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NASA looks at Hurricane Irwin in infrared light

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Credit: Credits: NASA JPL/Ed Olsen

NASA's Aqua satellite passed over Tropical Storm Irwin as it was strengthening toward hurricane status. Aqua gathered temperature data using infrared light that revealed the power building within.

It was the Atmospheric Infrared Sounder or AIRS instrument aboard NASA's Aqua satellite that looked at Tropical Storm Irwin in infrared light. Infrared light provides scientists with temperature data and that's important when trying to understand how strong storms can be. The higher the cloud tops, the colder and the stronger they are. So infrared light as that gathered by the AIRS instrument can identify the strongest storms within a tropical cyclone.

AIRS infrared data gathered on July 24 at 5:41 a.m. EDT (0941 UTC) showed a large area of strong storms with cloud top temperatures as cold as minus 63 degrees Fahrenheit (minus 53 degrees Celsius). NASA research has shown that cloud tops that cold, which are high in the troposphere, have the ability to generate heavy rainfall.

Those powerful storms around the center were likely "hot towers." A "hot tower" is a tall cumulonimbus cloud near the center of a tropical cyclone, often seen prior to intensification. The cloud tops reach at least to the top of the troposphere, the lowest layer of the atmosphere which is approximately 9 miles/14.5 km high in the tropics. These towers are called "hot" because they rise to such altitude due to the large amount of latent heat. Water vapor releases this latent heat as it condenses into liquid. Those towering thunderstorms have the potential for heavy rain. Energy released by rainfall into the center of a tropical cyclone provides the energy upon which tropical cyclones thrive.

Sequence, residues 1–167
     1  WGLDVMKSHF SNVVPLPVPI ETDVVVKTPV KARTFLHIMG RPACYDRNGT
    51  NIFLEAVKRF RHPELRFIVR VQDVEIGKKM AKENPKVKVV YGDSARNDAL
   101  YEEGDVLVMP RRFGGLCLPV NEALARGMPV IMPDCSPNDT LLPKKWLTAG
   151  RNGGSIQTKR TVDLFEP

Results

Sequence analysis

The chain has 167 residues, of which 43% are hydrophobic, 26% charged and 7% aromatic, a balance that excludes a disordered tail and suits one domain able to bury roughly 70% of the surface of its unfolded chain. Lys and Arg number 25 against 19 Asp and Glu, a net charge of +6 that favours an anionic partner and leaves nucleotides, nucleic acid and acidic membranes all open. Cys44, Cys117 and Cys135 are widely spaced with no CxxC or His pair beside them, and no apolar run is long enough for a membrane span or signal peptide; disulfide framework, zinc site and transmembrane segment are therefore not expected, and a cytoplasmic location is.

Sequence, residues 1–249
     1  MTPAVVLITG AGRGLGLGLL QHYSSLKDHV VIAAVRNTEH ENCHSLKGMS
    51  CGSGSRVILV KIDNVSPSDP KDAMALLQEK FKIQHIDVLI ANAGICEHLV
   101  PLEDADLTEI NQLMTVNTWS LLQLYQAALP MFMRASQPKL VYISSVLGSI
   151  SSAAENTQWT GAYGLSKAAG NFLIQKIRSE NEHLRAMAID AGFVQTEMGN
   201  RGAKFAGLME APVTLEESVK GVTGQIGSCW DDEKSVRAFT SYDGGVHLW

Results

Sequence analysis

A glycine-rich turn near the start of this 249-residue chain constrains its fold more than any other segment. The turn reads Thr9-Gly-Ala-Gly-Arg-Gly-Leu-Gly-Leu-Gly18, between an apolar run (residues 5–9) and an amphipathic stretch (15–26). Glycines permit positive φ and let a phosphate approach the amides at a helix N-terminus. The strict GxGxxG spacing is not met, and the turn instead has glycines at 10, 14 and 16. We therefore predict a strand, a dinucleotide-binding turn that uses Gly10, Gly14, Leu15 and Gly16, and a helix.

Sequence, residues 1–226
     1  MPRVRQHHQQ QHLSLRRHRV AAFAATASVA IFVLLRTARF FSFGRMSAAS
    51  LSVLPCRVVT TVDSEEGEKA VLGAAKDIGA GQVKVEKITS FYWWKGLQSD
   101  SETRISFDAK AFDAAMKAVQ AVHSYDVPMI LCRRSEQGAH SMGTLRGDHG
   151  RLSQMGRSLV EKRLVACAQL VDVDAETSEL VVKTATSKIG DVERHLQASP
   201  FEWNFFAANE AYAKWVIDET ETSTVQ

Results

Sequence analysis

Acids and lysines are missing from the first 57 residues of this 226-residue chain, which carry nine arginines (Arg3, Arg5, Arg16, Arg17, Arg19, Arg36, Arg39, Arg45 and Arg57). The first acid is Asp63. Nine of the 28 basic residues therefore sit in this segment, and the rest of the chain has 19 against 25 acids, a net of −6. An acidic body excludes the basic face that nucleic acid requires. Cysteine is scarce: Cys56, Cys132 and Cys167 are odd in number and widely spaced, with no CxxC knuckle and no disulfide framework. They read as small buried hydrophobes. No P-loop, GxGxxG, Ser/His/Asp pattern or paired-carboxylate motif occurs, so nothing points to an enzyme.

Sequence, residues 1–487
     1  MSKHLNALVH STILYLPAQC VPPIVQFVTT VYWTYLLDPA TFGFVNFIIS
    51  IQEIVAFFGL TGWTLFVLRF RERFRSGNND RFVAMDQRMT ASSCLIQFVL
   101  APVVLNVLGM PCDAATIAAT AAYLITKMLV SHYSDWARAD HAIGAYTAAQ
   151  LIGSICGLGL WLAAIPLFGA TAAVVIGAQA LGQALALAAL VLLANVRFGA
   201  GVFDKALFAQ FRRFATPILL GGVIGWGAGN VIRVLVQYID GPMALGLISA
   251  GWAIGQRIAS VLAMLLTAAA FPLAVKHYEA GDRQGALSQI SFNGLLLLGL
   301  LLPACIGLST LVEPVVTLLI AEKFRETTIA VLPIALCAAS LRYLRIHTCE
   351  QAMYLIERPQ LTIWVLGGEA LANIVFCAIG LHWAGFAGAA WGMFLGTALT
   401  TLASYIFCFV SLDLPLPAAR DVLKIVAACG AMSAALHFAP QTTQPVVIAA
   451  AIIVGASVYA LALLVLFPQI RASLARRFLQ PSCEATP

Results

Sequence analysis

Less than 12 hours later, Irwin strengthened into a hurricane. At 5 a.m. EDT (0900 UTC) on July 25, maximum sustained winds had increased to near 75 mph (120 kph) with higher gusts.

The center of Hurricane Irwin was located near 15.5 degrees north latitude and 118.7 degrees west longitude. That's about 770 miles (1,235 km) southwest of the southern tip of Baja California, Mexico. Irwin also lies west of Hurricane Hilary and like Hilary, Irwin is a small hurricane with hurricane-force winds extending only out to 15 miles (30 km) from the center.

Irwin was moving toward the west-northwest near 5 mph (7 kph) and the National Hurricane Center expects it to turn west later in the day, followed by a movement to the west-southwest on July 28.

Little change in strength is expected on July 27 with weakening expected on Wednesday.

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For updated forecasts, visit: http://www.nhc.noaa.gov

By Rob Gutro
NASA's Goddard Space Flight Center

Media Contact

Rob Gutro
[email protected]
@NASAGoddard

http://www.nasa.gov/goddard

Original Source

https://www.nasa.gov/feature/goddard/2017/irwin-eastern-pacific-ocean

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